31 Ambassador Teachers Bring Energy, Experience and Sometimes PhDs to FCPS Classrooms in New Global Exchange Program
Christopher Jones, a 6th grade teacher at Woodlawn Elementary School in Alexandria, Va., is explaining fractions to his students, asking them to find the ratio of chickens to alpacas on a farm with 3 sheep, 2 alpacas and 5 chickens.
“The answer is 5 to 2, if you did it right I wanna hear you say : ‘Ya Mon!’,” Jones says.
Jones, a teacher with 16 years of elementary education experience in Jamaica, is just two weeks into his first U.S. position. He came here through a new Fairfax County Public Schools initiative with Participate Learning that this year delivered 31 “Global Exchange” teachers, all of whom have bachelor’s degrees, some of whom have PhDs, and who have a combined 274 years of teaching experience between them, straight into FCPS schools.
“I’m doing this to get an opportunity to shine elsewhere,” Jones said. “When I read about the resources here in FCPS, the diversity, the school itself, and got a warm feeling from the administration and other teachers, I decided yes I needed to take this step.”
He’s already pleasantly surprised to discover his classroom came equipped with a smart board and a multimedia projector for his exclusive use – back home there is only one smart board shared by 7 or so teachers, he says.
As an ambassador teacher, Jones says he hopes to instill an appreciation for other cultures and countries, specifically Jamaica, in his students – and pick up some best practices in U.S. education that he can incorporate in his school back home when he does return.
That’s exactly the type of mentality the program aims to bring, says Felicia Hamilton, an FCPS diversity, equity, and inclusion employment specialist in the Department of Human Resources who is overseeing the new initiative.
“The goal of the Global Exchange Program is to provide a diverse workforce as well as differentiated and culturally responsive learning environments which align with the pillars of our strategic plan,” Hamilton said. The program also supports FCPS Portrait of a Graduate objectives, such as “helping students to be ethical and global citizens.”
The 31 ambassador teachers working in FCPS this year come from eight different countries (Argentina, Barbados, Colombia, Ecuador, Jamaica, Philippines, South Africa and Zimbabwe), says Hamilton. In order to participate in the program, ambassador teachers must have a minimum of a bachelor’s degree in teaching or education, two years of teaching experience, a driver’s license, be fluent in English, and commit to teaching here for five years, according to Hamilton.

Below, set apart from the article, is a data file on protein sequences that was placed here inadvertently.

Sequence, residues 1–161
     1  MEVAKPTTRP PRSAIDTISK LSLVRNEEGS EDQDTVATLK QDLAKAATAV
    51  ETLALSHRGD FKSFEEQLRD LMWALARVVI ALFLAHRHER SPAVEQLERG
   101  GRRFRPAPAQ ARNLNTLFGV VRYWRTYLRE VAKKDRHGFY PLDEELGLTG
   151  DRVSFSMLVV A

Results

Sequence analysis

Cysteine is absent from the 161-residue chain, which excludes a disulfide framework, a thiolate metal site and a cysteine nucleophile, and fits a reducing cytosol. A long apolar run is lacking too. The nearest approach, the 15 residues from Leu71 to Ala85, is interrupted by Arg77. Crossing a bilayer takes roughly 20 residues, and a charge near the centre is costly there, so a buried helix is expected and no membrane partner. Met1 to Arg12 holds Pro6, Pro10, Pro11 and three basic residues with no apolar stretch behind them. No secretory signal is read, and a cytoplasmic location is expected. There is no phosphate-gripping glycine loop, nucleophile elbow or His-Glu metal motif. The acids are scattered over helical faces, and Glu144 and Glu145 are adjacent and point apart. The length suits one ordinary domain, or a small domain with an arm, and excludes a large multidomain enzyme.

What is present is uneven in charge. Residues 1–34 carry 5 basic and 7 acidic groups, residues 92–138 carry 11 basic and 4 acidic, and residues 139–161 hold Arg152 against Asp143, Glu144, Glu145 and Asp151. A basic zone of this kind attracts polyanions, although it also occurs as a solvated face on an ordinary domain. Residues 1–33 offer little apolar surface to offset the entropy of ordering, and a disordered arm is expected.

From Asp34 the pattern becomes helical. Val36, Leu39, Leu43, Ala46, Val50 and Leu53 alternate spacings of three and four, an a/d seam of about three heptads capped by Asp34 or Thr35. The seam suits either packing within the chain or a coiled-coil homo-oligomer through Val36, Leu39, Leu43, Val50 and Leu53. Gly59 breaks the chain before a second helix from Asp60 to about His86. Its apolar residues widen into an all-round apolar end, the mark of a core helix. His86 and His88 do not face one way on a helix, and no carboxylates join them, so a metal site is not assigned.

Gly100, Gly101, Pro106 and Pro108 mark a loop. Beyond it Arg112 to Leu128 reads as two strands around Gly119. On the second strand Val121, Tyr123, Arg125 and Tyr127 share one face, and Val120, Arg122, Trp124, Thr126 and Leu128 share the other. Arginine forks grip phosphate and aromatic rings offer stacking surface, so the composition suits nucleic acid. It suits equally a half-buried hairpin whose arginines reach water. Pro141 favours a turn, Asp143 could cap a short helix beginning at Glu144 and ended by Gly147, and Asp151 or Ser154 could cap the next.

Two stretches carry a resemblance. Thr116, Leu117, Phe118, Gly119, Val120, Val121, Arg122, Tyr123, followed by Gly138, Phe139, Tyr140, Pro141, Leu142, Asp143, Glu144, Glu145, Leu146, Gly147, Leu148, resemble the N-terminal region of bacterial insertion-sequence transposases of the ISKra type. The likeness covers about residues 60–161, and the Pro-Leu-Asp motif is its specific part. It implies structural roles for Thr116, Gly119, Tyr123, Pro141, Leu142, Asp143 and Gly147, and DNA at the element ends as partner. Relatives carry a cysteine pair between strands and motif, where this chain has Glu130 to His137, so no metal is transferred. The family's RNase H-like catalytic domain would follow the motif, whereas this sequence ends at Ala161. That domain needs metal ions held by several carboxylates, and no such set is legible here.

Laura Elliott, Woodlawn Elementary's principal, was aware of Participate Learning’s success elsewhere in Virginia. When she learned FCPS would be partnering with the group, she jumped at the opportunity.
“I had previously worked with teachers through this program in another Virginia county – I knew they were vetted and brought high quality, phenomenal teachers to the U.S.,” Elliott said. “I said my school will take every one of them we can.”
“I am really hoping this enables us to have a stable teaching workforce at Woodlawn for the next three to five years,” she said.
Down the road from Woodlawn, three other ambassador teachers are in place at Washington Mill Elementary School. Kimone Howell, also from Jamaica, teaches fifth grade in one classroom at the school.
Howell, who is pursuing her doctorate in education, is excited about the resources available to her in her new role. Back home, she says, classrooms are smaller so teachers aren’t able to gather kids to sit in a circle on the floor for a morning meeting. She’s also eagerly embracing the “Responsive Classroom” mindset in which teachers aim to give students a voice, to instill in them a belief that their opinions matter.
“I love the idea of ‘turn and talks’ where students are encouraged to discuss an answer or an issue with someone sitting near them,” she says. “They are not just sitting on a bench listening. They are learning to work together, build discussions and value other people’s input.”
School leaders are hoping their students take away the idea that there are different approaches to education, and many ways to guide children to be successful,
Washington Mill ES Principal Bradley Bennink says.
“There are excellent teachers beyond our immediate area, beyond the United States,” Bennink said. “Anytime we can help kids to see there is a world beyond our immediate community, our immediate country, it opens their minds that we are all part of something bigger.”
Learn more about FCPS Portrait of a Graduate goals.